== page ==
Whilst we were driving home from the supermarket recently, my son asked “Dad, why does the Moon change shape?” Good question I thought. So what’s the answer?
Well, the Moon itself doesn’t change shape, it just appears to do so. It’s how much of it we can see that actually changes.
The Moon is made mainly of rock and doesn’t produce any light itself. We only see the Moon when the Sun is shining on it. The portion – or shape – of the Moon that we see depends on where it is in its orbit around the Earth. Or, in other words, it depends on its position relative to the Earth and the Sun.
The Moon orbits the Earth every 29.5 days. This is also the same amount of time it takes the Moon to rotate once on its own axis meaning that the same side of the Moon always ends up facing us down on Earth. When the Sun is setting behind the Moon (i.e. when the Moon is between the Earth and the Sun), the side facing us is predominantly dark and we can only see a small portion of it. As the Moon continues its orbit and eventually reaches the opposite side of the Earth to where the Sun is, the entire side of the Moon facing us becomes lit by the Sun and we can now see a full Moon.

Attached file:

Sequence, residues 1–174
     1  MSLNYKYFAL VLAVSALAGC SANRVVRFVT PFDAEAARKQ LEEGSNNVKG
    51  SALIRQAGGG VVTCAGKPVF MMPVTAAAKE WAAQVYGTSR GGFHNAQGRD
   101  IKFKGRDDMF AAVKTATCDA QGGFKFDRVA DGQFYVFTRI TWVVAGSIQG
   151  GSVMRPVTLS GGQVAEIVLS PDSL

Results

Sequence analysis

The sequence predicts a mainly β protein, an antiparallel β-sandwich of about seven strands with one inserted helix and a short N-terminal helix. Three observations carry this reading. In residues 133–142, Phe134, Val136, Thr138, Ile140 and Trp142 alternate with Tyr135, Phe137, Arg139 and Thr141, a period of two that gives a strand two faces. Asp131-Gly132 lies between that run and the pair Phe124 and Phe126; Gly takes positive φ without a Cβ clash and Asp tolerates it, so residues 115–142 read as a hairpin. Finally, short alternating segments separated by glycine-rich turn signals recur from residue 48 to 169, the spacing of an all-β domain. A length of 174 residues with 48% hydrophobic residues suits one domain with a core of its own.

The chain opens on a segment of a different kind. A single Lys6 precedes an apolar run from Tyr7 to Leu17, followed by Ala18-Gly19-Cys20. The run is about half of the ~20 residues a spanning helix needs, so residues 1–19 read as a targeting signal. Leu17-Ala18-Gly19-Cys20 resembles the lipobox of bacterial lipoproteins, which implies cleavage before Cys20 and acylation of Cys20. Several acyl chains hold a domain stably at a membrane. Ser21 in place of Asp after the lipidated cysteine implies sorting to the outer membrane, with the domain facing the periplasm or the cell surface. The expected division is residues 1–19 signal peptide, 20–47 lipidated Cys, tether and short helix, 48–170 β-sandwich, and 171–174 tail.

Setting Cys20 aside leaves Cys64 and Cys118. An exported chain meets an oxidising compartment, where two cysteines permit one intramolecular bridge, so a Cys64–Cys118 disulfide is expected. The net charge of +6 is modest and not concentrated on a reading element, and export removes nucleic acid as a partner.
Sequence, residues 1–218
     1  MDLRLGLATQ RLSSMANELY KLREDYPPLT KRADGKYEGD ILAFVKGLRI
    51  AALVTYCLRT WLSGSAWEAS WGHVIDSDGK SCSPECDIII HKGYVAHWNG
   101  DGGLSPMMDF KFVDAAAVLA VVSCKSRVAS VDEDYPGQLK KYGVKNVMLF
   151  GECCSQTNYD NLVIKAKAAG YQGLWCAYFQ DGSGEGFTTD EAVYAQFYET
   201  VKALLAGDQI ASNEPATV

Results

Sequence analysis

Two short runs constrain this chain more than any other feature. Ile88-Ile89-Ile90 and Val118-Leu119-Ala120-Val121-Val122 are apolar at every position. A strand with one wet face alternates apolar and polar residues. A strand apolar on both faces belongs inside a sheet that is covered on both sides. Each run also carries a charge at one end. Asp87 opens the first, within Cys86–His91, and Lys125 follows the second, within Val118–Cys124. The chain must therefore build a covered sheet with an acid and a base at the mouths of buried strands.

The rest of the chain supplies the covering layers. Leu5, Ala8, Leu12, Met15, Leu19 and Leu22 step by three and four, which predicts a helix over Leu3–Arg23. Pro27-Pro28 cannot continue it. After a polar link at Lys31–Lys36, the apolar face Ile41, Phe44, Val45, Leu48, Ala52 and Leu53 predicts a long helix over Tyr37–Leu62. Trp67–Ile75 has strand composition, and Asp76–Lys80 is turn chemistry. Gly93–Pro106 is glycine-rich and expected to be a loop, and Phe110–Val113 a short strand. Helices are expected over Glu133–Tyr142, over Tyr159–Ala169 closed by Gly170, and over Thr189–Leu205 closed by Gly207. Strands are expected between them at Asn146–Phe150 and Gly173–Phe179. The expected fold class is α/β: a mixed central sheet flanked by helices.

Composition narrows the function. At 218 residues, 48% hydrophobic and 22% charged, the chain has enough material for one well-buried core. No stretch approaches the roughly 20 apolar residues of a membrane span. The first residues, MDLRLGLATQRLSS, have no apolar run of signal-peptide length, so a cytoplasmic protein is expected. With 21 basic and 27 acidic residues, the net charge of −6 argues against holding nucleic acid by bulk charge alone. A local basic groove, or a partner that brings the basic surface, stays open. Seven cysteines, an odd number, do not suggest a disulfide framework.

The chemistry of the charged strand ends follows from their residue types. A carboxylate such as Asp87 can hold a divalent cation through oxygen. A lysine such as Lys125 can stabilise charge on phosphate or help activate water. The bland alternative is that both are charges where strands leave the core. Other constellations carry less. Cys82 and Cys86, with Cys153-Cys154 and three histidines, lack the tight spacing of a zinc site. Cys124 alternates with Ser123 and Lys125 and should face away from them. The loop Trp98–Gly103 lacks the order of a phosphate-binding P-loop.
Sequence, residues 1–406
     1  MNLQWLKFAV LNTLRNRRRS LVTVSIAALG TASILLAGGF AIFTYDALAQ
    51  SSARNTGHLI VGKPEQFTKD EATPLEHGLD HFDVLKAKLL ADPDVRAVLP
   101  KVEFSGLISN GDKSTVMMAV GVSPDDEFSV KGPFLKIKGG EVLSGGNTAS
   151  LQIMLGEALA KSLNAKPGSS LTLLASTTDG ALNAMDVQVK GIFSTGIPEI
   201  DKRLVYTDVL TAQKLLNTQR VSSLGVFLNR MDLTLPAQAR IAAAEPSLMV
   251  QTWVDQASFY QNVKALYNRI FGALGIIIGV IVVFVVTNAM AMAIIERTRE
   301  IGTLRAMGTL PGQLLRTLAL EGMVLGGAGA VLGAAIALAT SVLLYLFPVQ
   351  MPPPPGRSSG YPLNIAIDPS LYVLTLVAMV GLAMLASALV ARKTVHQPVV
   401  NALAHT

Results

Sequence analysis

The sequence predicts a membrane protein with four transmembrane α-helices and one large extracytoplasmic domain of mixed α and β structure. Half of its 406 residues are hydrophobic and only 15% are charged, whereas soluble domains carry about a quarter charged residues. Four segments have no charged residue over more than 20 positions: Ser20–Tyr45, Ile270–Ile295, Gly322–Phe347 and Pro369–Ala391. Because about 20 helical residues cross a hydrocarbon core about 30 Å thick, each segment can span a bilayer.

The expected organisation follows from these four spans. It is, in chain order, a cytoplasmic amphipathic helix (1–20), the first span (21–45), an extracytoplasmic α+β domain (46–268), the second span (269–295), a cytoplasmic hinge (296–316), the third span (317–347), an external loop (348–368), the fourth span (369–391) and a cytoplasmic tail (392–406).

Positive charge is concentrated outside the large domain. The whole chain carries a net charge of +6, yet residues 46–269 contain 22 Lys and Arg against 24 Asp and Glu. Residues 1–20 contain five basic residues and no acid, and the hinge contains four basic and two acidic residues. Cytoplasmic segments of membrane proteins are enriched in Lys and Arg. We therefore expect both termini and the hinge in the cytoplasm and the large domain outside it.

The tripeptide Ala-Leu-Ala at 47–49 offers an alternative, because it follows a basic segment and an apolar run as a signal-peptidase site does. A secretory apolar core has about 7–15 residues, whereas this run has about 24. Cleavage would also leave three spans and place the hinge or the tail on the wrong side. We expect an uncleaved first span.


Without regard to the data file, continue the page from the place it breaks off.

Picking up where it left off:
If you’d like to see more questions commonly asked by children – and the associated answers – feel free to visit my little website: http://www.butwhydad.co.uk. Thanks!
Image source: Microsoft Office Images